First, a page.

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The prime function of the interstitial system is the processing of organic material flushed into the sand. It functions as a carbon sink, which has significant implications in this age, in which we are trying to fight carbon levels in the atmosphere. Copepods are top predators here and thus crucially important.
This book presents the first data about cyclopoid and poecilostomatoid copepods from the Australian marine interstitial. It includes one new cyclopoid family, the second record of the poecilostomatoid family Polyankyaliidae, one new genus, and 21 new species. A zoogeographic analysis of the copepods recorded emphasizes the importance of looking at small-scale patterns when inferring Gondwanaland biogeography, and a number of distinct zoogeographic regions is now becoming apparent in Australia.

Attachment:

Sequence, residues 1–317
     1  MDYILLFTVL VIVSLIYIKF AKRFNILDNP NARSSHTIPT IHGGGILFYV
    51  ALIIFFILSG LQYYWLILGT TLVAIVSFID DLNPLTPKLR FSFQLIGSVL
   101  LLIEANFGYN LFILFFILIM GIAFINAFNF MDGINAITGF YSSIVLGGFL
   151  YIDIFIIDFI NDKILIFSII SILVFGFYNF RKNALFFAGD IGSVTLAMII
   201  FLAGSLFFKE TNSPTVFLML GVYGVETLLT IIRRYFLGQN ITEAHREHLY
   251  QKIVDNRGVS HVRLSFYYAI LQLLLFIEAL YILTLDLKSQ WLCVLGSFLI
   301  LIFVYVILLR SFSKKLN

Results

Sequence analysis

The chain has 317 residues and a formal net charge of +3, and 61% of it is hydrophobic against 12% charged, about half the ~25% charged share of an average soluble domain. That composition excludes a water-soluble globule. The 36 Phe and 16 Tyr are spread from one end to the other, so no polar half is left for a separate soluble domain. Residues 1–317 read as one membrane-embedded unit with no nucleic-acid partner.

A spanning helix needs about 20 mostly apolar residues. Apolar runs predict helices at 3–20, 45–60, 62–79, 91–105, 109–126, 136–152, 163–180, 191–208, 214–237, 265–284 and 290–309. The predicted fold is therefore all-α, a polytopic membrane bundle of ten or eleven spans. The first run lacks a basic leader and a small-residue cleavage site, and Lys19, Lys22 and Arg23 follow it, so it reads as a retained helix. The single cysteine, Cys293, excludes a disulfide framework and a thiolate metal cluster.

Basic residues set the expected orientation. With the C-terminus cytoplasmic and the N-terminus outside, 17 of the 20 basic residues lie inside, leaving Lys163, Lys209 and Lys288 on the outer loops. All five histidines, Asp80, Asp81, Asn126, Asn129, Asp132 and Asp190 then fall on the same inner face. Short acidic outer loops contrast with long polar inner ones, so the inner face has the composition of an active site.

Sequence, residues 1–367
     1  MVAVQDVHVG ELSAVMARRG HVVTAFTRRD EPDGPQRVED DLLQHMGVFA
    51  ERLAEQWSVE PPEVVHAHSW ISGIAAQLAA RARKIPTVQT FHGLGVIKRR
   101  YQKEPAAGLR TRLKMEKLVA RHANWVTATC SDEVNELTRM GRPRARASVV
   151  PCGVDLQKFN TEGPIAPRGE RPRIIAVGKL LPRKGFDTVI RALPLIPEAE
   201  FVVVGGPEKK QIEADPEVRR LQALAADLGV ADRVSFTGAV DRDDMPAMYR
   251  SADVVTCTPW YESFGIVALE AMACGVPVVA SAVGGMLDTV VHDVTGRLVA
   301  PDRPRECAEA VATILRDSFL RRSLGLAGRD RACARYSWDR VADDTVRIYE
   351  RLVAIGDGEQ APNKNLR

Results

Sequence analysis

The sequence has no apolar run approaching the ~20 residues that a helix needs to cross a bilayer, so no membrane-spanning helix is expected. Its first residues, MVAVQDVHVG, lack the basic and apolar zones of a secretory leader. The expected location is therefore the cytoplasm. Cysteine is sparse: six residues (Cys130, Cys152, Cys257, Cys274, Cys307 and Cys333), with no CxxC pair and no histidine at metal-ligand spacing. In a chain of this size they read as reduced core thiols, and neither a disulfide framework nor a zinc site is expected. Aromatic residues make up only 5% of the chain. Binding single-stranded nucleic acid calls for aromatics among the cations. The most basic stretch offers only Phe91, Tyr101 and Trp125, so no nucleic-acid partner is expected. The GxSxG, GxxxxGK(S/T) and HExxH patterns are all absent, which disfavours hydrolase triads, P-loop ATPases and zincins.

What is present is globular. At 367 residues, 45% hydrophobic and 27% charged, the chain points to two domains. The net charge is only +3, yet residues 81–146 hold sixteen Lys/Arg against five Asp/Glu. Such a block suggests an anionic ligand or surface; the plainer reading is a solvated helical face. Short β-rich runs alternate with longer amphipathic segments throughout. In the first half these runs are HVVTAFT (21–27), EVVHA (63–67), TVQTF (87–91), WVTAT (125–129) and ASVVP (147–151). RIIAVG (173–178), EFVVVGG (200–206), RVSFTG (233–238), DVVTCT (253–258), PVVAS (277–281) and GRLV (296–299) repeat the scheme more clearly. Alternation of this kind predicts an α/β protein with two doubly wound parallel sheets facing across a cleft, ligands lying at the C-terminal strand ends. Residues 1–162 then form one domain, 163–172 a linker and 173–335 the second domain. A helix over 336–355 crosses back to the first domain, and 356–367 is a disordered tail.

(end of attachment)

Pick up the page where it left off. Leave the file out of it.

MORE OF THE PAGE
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Tomislav Karanovic, B.Sc., M.Sc., Ph.D. (2000) in Zoology, University of Novi Sad (Serbia), is a honorary associate of the University of Tasmania. He has published extensively on the taxonomy and zoogeography of subterranean Copepoda from Australia
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